Couple held at gunpoint and robbed of £9k buying a car online

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A couple from Norfolk were held at gunpoint and robbed of £9,000, cash they had taken to Manchester with them to pay for a car they’d purchased on eBay.

Terribly frightening, and with a fractured nose, eye socket and cheekbone from the beating, it’s not a situation anyone would want to be in and it’s not an isolated incident. Between Tuesday the 19th of November 2019 and Wednesday the 22nd of January 2020, Greater Manchester Police received 10 reports of armed robberies across Manchester and Oldham. On most occasions, offenders falsely advertised a car on Ebay and organised to meet the buyers at a given location for the car sale. On arrival, the potential buyers were threatened with weapons, including with a gun, a hammer and machetes and offenders fled with a large quantity of the victim’s cash.

“These offenders are targeting innocent members of the public via the internet and have no compassion at all for their victims who they have subjected to a number of terrifying ordeals.

They are devious and ruthless and need to be caught. For this reason, we have a dedicated team of detectives working around the clock to identify those responsible. Though, I would like to take this opportunity to remind people to say alert and vigilant and report anything suspicious to police immediately.”
– Detective Sergeant Kat McKeown, Greater Manchester Police’s City of Manchester division

If you are buying a vehicle on eBay, or indeed on any other website or off line classified ads site, there is one simple way to ensure that you aren’t robbed and that is never to take cash with you. Any reasonable car dealer or private seller will be more than happy with a bank transfer and in today’s world bank transfers are instant. You can turn up with nothing other than a smart phone with your banking app installed and, when you’ve checked you are happy with the vehicle, make a bank transfer as you accept the keys and sign the paperwork.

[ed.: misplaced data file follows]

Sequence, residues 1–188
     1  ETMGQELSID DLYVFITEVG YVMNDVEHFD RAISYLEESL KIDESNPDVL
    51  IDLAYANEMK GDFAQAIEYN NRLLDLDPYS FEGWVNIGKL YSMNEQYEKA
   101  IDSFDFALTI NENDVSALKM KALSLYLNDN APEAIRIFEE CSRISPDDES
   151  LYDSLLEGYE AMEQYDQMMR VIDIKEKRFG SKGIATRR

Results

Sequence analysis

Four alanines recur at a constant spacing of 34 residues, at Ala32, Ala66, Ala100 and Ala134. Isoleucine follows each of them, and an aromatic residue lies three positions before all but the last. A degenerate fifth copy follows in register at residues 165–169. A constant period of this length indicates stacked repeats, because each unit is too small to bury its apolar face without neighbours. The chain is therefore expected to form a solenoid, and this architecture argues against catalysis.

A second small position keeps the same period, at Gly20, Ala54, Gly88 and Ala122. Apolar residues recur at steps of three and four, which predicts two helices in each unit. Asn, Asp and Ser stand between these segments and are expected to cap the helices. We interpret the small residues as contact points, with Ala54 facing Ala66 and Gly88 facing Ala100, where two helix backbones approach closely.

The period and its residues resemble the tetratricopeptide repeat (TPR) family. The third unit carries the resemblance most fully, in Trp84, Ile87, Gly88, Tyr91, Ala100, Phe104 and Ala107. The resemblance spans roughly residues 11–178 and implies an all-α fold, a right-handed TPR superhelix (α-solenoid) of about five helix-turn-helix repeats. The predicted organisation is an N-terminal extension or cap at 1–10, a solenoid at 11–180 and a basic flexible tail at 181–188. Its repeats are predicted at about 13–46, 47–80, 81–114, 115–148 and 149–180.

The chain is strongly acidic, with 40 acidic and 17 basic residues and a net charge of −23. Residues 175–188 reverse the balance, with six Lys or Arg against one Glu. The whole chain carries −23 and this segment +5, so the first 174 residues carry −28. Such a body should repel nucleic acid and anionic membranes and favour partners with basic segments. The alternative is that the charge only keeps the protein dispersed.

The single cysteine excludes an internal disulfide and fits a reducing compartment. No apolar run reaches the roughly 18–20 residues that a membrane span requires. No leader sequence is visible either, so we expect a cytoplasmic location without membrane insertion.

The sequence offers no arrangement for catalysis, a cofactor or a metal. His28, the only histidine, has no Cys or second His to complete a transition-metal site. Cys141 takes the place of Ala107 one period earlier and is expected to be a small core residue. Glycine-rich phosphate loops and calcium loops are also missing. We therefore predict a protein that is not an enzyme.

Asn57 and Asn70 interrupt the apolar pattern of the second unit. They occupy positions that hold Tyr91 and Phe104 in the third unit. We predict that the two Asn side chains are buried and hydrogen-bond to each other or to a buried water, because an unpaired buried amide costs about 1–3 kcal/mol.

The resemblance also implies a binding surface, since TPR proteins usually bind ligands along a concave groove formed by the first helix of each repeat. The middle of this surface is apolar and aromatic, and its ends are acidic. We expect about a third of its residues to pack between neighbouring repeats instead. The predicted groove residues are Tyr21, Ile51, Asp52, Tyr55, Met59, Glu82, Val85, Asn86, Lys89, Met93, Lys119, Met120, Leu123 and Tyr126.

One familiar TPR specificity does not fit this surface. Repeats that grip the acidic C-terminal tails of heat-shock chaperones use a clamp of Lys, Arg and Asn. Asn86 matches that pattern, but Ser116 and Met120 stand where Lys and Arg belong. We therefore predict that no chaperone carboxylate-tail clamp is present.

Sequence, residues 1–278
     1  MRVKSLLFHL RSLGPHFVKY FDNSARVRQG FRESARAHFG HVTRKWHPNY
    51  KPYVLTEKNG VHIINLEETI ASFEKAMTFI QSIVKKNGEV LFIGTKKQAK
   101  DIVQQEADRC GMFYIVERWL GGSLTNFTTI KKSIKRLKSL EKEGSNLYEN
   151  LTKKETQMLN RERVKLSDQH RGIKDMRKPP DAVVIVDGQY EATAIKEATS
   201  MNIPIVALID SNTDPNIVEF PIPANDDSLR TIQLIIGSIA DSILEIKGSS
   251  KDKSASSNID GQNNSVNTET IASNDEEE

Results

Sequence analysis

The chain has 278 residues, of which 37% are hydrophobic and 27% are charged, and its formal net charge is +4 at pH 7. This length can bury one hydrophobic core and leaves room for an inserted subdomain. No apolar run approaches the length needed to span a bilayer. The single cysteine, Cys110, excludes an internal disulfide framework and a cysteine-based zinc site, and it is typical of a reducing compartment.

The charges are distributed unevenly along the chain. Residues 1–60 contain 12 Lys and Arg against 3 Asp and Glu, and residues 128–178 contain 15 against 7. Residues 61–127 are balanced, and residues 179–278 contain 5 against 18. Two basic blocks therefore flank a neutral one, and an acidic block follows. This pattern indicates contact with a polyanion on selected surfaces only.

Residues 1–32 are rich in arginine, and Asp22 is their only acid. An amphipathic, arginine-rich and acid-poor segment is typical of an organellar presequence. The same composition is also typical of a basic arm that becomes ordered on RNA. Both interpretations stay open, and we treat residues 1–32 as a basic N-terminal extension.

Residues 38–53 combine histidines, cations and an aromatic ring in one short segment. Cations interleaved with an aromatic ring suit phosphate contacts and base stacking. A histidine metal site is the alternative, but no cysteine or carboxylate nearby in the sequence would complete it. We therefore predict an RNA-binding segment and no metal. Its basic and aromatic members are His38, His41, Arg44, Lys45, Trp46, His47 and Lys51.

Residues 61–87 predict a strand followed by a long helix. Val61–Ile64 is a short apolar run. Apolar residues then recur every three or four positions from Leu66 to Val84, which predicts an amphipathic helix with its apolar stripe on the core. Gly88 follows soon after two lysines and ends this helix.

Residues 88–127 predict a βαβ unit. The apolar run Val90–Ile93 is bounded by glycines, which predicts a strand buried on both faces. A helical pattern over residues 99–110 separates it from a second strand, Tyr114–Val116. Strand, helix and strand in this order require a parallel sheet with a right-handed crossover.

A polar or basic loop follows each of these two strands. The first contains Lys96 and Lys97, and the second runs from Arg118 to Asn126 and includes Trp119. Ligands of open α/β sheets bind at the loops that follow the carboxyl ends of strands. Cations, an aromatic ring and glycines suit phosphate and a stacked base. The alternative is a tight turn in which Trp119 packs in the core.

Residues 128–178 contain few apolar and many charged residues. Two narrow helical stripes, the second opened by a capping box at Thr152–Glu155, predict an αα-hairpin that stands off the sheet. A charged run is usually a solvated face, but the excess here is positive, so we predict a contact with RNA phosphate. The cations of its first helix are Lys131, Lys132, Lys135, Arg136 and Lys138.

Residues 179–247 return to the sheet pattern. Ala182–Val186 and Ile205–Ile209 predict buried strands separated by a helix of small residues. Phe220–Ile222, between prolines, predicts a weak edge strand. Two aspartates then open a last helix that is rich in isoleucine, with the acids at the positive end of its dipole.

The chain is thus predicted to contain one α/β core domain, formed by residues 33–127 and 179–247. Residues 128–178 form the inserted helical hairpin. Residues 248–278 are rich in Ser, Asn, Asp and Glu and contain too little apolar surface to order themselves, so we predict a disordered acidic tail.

There’s a reason that banks are so pedantic about accepting large deposits or handing out thousands in cash as a withdrawal and that’s because of money laundering and other crime. Why someone would consider driving around with nine grand in cash in 2020 seems a needless risk and it’s not only the loss of money but also the risk of violence from the criminals are willing to relieve you of the cash, no one wants to be held at gunpoint.

If you are considering buying a car, if the seller is insisting on cash simply walk away from the deal. There will always be another similar vehicle that you can purchase and the risk of violent robbery simply isn’t worth it. If you are selling a car, whether privately or as a dealer, suggest to your buyers that they stay safe and consider an instant bank transfer.

For what it’s worth I’ve purchased about a dozen vehicles online over the past 20 years, most of them on eBay. I still have two of them and have never had an issue but then I’ve also never paid cash. If a deal seems to good to be true it probably is and if anyone insists on a cash deal move on and find an alternative car to buy.

One Response

  1. I must admit to not knowing how much cheaper cars are on ebay, ie with no genuine warranty, no genuine HPI check, no genuine MOT, no genuine nothing potentially, compared to a dealer. But along with suggestions of not taking large amounts of cash……agree to meet in a busy area…….not some out of the way place or at night. Even a busy petrol station forecourt (which would / should have cctv) would help surely. And if they don’t want to meet in somewhere like that, walk away etc. Its not limited to ebay, when I use autotrader to look up cars, if the seller has no fixed sales site and cars are by appointment only, ie just a phone number……I walk away. There will be another car along soon enough to meet your needs……it may be less of a “bargain”, but you get to stay in one piece!


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